Time of Flight Measurement TDC The history of time to digital converters began with experimental high energy physics needing to measure time of flight. Time of flight or TOF is the process of measuring the time a particle, object, signal or stream takes to travel over a known distance. This time of flight time measurement process is accomplished using a detector and TDC.
Using time of flight to study the inner structure of atoms, particles are accelerated by an accelerator to enormous energies and beamed to collide with each other or still targets. Upon collision particles burst into many smaller parts. Detectors observe and record the results of these collisions to calculate their time of flight. The properties of the particle parts can be derived from their path in a magnetic field. This path is detected by drift chambers. Drift chambers are used in big colliders like the Large Hadron Collider at CERN. Using TDCs in drift chambers is an effective way to measure time of flight.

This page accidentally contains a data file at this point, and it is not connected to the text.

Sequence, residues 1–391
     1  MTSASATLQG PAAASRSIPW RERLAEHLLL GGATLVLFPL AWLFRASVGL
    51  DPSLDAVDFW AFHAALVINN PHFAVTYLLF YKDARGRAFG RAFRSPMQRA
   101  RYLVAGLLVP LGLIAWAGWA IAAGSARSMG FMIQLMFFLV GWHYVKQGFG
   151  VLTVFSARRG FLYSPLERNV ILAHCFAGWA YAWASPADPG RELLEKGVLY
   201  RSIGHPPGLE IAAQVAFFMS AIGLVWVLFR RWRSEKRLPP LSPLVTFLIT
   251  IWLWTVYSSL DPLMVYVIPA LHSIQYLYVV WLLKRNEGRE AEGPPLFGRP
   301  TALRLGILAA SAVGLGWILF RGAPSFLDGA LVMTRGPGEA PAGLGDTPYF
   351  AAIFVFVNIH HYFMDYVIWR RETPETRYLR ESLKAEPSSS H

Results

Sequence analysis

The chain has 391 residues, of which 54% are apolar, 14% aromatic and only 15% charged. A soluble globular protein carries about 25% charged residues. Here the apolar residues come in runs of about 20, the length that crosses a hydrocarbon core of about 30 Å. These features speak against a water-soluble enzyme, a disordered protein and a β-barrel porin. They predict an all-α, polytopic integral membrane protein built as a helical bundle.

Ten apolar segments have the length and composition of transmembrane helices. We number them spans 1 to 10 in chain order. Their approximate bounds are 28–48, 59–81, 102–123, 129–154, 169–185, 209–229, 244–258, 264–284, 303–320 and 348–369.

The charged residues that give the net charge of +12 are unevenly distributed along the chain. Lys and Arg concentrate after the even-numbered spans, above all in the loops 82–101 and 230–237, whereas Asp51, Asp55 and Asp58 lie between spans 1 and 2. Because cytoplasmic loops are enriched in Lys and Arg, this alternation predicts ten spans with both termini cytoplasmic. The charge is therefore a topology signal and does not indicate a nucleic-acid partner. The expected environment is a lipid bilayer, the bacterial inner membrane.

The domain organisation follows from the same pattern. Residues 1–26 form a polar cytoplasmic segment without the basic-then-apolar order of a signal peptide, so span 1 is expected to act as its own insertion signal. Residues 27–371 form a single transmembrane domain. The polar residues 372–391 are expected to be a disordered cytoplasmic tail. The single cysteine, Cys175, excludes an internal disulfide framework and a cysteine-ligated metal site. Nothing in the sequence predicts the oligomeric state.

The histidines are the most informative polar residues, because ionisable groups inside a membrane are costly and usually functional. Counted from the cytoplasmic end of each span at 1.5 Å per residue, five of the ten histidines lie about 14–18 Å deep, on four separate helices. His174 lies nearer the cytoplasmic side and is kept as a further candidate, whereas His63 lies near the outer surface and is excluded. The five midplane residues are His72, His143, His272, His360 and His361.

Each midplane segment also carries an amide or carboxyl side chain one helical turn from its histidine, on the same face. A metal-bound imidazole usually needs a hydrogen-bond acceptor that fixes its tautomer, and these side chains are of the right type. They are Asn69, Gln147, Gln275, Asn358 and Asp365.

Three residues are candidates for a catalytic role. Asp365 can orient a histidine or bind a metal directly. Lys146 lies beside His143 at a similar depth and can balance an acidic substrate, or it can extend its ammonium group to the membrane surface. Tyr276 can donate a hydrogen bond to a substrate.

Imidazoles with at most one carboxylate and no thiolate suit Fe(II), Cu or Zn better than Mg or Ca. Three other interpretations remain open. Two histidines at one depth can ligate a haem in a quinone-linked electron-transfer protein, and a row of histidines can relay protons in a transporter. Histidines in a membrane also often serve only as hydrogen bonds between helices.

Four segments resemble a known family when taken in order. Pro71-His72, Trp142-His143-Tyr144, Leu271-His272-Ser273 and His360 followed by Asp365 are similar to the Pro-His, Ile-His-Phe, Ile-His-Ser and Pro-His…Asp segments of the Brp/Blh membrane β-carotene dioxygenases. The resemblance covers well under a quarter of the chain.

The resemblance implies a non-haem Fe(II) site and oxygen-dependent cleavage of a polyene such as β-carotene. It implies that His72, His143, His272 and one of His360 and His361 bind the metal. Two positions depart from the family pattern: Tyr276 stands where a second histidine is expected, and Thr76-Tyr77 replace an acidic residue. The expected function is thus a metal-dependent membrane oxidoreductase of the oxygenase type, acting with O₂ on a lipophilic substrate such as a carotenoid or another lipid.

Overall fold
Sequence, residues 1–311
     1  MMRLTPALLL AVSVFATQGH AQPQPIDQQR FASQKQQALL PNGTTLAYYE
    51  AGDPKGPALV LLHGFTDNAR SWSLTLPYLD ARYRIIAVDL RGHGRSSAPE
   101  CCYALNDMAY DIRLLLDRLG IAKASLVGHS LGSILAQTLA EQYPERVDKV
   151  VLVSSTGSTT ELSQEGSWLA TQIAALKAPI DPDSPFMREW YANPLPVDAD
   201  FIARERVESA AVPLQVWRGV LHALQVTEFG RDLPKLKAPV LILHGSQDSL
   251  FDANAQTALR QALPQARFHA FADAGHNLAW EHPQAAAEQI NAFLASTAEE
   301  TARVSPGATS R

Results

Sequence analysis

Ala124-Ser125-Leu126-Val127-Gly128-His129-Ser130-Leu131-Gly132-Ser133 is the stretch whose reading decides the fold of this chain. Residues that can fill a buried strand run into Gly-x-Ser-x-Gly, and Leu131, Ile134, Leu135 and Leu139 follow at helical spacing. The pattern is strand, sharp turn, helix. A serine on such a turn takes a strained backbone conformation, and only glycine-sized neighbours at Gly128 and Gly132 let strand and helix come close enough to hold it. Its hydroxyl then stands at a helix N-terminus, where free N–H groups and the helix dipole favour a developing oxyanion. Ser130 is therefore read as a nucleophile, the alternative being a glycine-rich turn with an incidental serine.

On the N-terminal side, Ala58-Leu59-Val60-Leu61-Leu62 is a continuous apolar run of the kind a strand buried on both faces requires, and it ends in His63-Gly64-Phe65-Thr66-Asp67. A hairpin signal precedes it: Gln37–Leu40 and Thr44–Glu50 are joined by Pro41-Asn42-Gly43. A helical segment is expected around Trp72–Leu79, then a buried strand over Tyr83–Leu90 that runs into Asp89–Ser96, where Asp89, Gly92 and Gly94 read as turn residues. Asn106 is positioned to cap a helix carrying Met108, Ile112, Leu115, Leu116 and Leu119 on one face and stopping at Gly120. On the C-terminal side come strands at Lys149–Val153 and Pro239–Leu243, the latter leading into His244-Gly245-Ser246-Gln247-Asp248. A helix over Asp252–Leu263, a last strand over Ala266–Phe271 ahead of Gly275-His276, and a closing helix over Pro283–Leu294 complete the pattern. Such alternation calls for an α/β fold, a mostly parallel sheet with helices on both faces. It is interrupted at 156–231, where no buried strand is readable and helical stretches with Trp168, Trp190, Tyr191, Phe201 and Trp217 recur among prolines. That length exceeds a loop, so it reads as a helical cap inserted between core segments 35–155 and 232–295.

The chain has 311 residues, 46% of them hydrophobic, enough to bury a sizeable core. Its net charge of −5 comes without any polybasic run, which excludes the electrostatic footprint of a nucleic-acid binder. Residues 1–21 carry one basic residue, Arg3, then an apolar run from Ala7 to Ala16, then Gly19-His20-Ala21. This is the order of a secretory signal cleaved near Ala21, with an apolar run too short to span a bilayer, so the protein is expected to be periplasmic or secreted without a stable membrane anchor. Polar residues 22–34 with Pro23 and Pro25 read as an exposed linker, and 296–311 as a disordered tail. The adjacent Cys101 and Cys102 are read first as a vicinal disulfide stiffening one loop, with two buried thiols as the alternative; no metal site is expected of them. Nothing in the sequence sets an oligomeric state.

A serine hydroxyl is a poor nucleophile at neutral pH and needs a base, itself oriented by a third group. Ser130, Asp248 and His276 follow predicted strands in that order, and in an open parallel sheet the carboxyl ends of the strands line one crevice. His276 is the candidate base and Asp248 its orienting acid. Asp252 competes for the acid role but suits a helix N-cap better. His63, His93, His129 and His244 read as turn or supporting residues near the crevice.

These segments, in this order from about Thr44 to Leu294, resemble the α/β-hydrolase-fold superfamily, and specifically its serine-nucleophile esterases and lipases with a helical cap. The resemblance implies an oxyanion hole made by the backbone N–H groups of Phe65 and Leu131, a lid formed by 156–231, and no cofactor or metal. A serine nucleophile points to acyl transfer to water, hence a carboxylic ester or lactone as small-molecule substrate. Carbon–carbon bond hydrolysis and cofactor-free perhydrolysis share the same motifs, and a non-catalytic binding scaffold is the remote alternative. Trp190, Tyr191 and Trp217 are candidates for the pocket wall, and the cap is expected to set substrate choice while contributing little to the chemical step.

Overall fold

In drift chambers the detectors are arranged circular around the collision point. These consist of gas filled tubes in which a live wire is strung. If a reaction particle hits a gas molecule in one of these tubes, a cloud current is generated which drifts along the wire due to the electrical field (that's why it is called drift chamber).
If the cloud current reaches the wire, an electrical pulse is triggered. The time from the particle collision to hitting the wire by the current cloud is measured by time to digital converters and used to calculate the time of flight.